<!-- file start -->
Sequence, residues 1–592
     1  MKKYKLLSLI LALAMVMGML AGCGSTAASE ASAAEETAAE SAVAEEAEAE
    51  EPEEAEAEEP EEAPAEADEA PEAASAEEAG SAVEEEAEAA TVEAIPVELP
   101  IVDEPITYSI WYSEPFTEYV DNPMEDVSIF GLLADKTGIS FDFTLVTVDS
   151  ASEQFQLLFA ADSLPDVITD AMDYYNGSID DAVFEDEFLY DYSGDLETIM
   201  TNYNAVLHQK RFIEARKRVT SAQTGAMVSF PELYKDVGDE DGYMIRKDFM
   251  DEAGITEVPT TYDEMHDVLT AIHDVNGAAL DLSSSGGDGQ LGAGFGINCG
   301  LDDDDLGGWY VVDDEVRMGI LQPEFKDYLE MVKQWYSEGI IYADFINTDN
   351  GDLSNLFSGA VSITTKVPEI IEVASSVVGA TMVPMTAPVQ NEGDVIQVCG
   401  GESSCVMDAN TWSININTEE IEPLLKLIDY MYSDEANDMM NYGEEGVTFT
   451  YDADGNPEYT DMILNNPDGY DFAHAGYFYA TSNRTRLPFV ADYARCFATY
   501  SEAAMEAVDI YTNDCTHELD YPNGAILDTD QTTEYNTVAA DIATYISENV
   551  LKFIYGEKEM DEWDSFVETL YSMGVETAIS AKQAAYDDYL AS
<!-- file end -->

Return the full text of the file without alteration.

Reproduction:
Sequence, residues 1–592
     1  MKKYKLLSLI LALAMVMGML AGCGSTAASE ASAAEETAAE SAVAEEAEAE
    51  EPEEAEAEEP EEAPAEADEA PEAASAEEAG SAVEEEAEAA TVEAIPVELP
   101  IVDEPITYSI WYSEPFTEYV DNPMEDVSIF GLLADKTGIS FDFTLVTVDS
   151  ASEQFQLLFA ADSLPDVITD AMDYYNGSID DAVFEDEFLY DYSGDLETIM
   201  TNYNAVLHQK RFIEARKRVT SAQTGAMVSF PELYKDVGDE DGYMIRKDFM
   251  DEAGITEVPT TYDEMHDVLT AIHDVNGAAL DLSSSGGDGQ LGAGFGINCG
   301  LDDDDLGGWY VVDDEVRMGI LQPEFKDYLE MVKQWYSEGI IYADFINTDN
   351  GDLSNLFSGA VSITTKVPEI IEVASSVVGA TMVPMTAPVQ NEGDVIQVCG
   401  GESSCVMDAN TWSININTEE IEPLLKLIDY MYSDEANDMM NYGEEGVTFT
   451  YDADGNPEYT DMILNNPDGY DFAHAGYFYA TSNRTRLPFV ADYARCFATY
   501  SEAAMEAVDI YTNDCTHELD YPNGAILDTD QTTEYNTVAA DIATYISENV
   551  LKFIYGEKEM DEWDSFVETL YSMGVETAIS AKQAAYDDYL AS